Former Secretary of Defense Leon Panetta, appearing on NBC’s “Meet the Press” Sunday, warned the federal government shutdown is risking America's military readiness.
“Is part of the problem in [Washington, D.C.] that you have two sides who aren’t really interested in negotiating but digging in and saying, look, this is truly 100 percent the other side’s fault?” asked moderator David Gregory.
“Ultimately, I think both sides are really pretty much at the same place," Panetta replied. "You know, once you get past some of the rhetoric and some of the extremes, the fact is everybody knows we’ve got to extend the debt limit in order to avoid that catastrophe.”
A clip of Panetta commenting on the government shutdown of 1995-1996 was then played, eerily echoing the same sentiments held by many critics of the government shutdown today,
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“If there's anything we've learned over the last few months is that the policy of threats and basically holding the country hostage, whether it's on a continuing resolution or a debt ceiling or raising these kinds of blackmail approaches to try to get their agenda adopted has not worked. It's been a disaster,” Panetta said in a Jan. 21, 1996 interview on “Meet the Press.”
“David, I’m really surprised that the lessons that were learned 17 years ago, that you don’t shut the government down, that you don’t hurt the American people, that that lesson obviously was not learned and it’s been repeated,” Panetta said. “You don’t win in this town politically by hurting the American people.”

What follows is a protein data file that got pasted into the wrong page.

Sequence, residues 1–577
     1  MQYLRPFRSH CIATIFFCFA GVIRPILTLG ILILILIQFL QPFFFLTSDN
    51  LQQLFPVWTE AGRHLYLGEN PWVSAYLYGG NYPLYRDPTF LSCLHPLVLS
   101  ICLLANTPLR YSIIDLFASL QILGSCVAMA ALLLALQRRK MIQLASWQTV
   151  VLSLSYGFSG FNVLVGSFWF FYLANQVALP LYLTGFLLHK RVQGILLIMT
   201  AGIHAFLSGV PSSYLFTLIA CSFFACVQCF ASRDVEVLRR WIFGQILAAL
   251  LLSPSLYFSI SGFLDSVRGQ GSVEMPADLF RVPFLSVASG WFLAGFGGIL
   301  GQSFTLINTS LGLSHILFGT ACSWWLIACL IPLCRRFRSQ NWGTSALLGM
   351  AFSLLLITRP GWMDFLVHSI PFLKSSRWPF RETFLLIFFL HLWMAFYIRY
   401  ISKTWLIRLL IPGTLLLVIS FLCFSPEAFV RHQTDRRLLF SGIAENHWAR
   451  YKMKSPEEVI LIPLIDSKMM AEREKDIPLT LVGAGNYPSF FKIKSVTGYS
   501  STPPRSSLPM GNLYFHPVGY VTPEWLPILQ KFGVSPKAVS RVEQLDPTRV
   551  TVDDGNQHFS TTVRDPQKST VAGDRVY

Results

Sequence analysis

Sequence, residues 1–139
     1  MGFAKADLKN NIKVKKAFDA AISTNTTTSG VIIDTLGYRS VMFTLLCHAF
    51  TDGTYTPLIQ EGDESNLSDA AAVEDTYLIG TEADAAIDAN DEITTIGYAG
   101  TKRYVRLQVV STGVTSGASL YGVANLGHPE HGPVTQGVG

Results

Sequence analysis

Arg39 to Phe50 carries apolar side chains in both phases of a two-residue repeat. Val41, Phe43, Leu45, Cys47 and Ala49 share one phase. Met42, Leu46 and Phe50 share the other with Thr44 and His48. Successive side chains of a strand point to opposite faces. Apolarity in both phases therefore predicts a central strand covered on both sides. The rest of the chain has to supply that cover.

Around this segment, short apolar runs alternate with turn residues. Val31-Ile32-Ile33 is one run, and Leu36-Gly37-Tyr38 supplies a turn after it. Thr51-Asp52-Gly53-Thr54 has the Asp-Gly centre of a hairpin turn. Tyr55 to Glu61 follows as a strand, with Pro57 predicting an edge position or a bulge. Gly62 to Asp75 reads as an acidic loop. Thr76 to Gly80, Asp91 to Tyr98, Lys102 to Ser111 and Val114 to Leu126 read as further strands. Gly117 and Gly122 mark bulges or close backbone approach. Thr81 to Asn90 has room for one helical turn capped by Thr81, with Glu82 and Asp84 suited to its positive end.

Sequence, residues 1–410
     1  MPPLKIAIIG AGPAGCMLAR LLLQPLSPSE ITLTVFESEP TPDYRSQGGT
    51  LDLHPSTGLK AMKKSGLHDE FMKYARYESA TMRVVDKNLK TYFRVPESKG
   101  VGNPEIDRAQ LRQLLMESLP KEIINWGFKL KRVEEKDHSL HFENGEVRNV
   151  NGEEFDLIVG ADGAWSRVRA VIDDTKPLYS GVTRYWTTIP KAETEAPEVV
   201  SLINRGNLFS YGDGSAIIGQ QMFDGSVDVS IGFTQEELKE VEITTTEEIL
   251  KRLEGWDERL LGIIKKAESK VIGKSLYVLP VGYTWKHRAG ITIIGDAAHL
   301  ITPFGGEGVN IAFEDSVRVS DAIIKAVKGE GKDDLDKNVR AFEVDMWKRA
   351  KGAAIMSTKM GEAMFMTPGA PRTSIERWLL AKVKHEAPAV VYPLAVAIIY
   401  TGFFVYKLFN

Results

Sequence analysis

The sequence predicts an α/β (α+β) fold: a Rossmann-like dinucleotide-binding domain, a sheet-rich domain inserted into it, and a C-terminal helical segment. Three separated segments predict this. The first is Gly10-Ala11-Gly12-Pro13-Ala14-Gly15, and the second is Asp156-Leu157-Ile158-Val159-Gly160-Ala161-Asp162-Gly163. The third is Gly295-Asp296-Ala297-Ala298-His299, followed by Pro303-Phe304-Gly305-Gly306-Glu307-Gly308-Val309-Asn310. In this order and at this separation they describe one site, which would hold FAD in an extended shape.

“Why would you allow a small minority who can’t get their way to basically take out their vengeance on their fellow citizens? That’s what happened,” he added in an apparent reference to the right wing of House Republicans.
Gregory asked Panetta if President Barack Obama, his former boss and fellow Democrat, bore some responsibility for pushing this confrontation too far.
Panetta responded, “The American people are angry, they’re frustrated, they’re mad. They think that this town has gone nuts in the way they’re dealing with this. I think both sides will bear some responsibility for that. But I think the president has also indicated he’s willing to negotiate on the key issues. The Republicans want to negotiate on the key issues.”
Regarding military readiness, Panetta had this to say:
“I think our readiness has been badly damaged. We’ve got 12 combat squadrons that have been grounded. Half of the Air Force is not combat-ready,” said Panetta. He continued, “We’ve got 800,000 federal employees that have been furloughed under sequester and are now taking a hit on the shutdown. All of this is impacting on our readiness and our ability to handle a major crisis outside of Afghanistan.”
Meanwhile, the United States inches closer and closer to default as Washington D.C. remains at a standstill. Watch the full interview in the videos above.